In contrast to the recent LGBT-friendly reforms in Shibuya Ward, Setagaya Ward and Takarazuka (who began issuing same-sex partnership certificates), three local government officials made statements that were offensive to LGBT people. These incidents revealed that there continues to be a situation in Japan where, in spite of large attitude shifts in favor of LGBT rights, there is still a significant segment of the older population who hold discriminatory views of LGBT people.
The first of these offensive statements was made by Masumi Tsuruhashi (71), who is a member of the Ebina city council in Kanagawa prefecture, located south of Tokyo. Around 1 am on November 29, Tsurusashi tweeted that “Recently, the media lacks morality. They will report whatever oddities they find as if they were actual news. Then, they can feel a sense of superiority. One example of this is so-called “same-sex relationships.” I think that they [people in same-sex relationships] are abnormal animals that are changing the foundation of all living creatures. Think of the effect it has to be covered by the media!” He also tweeted a message to the official Twitter account of the major newspaper Asahi Shimbun saying that same-sex relationships are abnormal and that the media should not cover them.
Soon after he tweeted these messages, he was widely criticized. That same day, Tsurusahi deleted the tweet and tweeted an apology. In interviews, Tsurusahi claimed that he was drunk when he wrote his initial tweets, which he composed abruptly and without thorough contemplation.
The tweets can be viewed here: http://www.huffingtonpost.jp/2015/11/28/ebhinashigi-sabetsu_n_8674040.html
On December 3, the city council of Ebina in Kanagawa prefecture passed a resolution demanding the resignation of Tsurusahi. The resolution passed 13 to 1, with six members abstaining. The resolution condemned Tsurusahi for committing a human rights violation by writing these messages on Twitter. It also said he had deeply undermined the trust and dignity of the solemn assembly. Tsurusashi apologized to the council. He will be absent from the council’s meeting in December, and declined his salary for the month of December. However, he will not resign as a member of the council, and the resolution does not have binding legal authority to force him to resign.
On November 29th, following the tweets by Tsurusashi, a Gifu prefecture official in his 30s tweeted: “Same-sex relationships are abnormal, right?” The official’s supervisors in the Gifu prefecture government interviewed him on December 1, where he admitted to tweeting that statement. He deleted the tweet and wrote an apology. Gifu prefecture is currently considering its options for punishing the worker.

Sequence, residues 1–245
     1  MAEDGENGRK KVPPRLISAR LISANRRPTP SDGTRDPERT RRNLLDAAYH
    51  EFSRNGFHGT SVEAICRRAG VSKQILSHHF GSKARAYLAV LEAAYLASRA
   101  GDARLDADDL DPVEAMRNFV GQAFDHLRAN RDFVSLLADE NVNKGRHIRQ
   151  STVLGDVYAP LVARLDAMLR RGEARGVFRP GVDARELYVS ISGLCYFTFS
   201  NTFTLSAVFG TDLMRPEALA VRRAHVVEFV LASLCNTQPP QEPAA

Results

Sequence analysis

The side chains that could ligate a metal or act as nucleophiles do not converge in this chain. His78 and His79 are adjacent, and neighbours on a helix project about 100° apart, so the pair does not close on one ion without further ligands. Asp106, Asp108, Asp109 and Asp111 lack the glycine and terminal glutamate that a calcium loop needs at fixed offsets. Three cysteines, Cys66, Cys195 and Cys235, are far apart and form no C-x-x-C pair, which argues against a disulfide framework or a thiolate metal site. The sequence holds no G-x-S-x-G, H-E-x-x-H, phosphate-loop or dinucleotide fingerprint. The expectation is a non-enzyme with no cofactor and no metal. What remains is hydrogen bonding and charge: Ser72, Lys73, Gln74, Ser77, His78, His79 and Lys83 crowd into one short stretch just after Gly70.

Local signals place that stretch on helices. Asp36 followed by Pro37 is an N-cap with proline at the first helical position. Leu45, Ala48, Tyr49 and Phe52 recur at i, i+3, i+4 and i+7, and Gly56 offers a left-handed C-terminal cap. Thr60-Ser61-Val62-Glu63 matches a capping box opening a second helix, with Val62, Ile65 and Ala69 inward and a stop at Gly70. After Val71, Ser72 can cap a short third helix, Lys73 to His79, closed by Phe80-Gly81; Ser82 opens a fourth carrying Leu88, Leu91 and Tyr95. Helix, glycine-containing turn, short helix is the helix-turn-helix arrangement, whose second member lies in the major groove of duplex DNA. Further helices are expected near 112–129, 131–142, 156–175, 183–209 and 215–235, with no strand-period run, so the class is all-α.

The incident was discussed in a plenary session of the Gifu Assembly on December 10. During the proceedings, a member of the assembly, Mamoru Fujimori (74), heckled the speakers using a similar phrase: “Same-sex relationships are abnormal.”
On December 11, Fujimori held a press conference and stated that he wish he had not made the comment. However, he also stated that everyone has an obligation to contribute to society by bearing children and raising them. He added that he still doesn’t think that same-sex relationships are normal, and he feels a sense of crisis about increasing tolerance of same-sex marriage. On the same day, Fujimori resigned from his position as chairman of the Policy Research Council of the Gifu Liberal Democratic Party. However, he has said he will not resign as a member of the assembly.
The series of anti-LGBT comments were reported in the Japanese media as serious incidents of discrimination, and they were roundly criticized by commentators. Some LGBT entertainers also spoke out to object to these comments. For example, a gay entertainer named Chris Matsumura wrote in his blog on November 29 and 30 to criticize Tsurusahi’s comments.
On November 29, Matsumura wrote that “it is scary that offensive comments like these, which lack integrity, are condoned as free speech in Japan.” He also said that the comment could not be justified by claiming to be drunk because if Tsurusahi hadn’t been thinking these things on a regular basis, then he wouldn’t have blurted them out on Twitter. He added that all people should live just as they are, and that fact will not change for hundreds years to come. Each individual’s situation is unique, and it does not always have to be so tragic.
On December 6, the live TV debate program Sunday Japon (broadcasted by TBS on channel 6) covered the incident. All the commentators agreed that these comments were discriminatory and unreasonable. A vice chairman of San No hospital, Testuya Okunaka, referenced a December 6, 2011 speech by then-Secretary of State Hillary Clinton, who said that “gay rights are human rights, and human rights are gay rights.” He also said that the offensive remarks made by local officials were anachronisms.
Another participant in the panel, Dr. Ayako Nishikawa said that she has met lots of wonderful LGBT people, but she added that many elderly people in Japan tend not to have much knowledge of LGBT people or interact with them often. Therefore, ignorance and lack of experience might be the cause of their discriminatory attitudes.
An LGBT entertainer who goes by the name Naja Grandiva said that the LGBT community is trying deal with this incident in a positive way. Some of his friends who work at a gay bar answer the phone by saying “Hello? You’ve reached abnormal animals.” They are using the offensive comments as jokes. The offensive comments revealed that there is still ignorance and discrimination in Japan despite increased awareness of LGBT people. The incidents should be used as an opportunity for local governments to better educate their officials and to alleviate the suffering faced by their LGBT residents, who may face discrimination.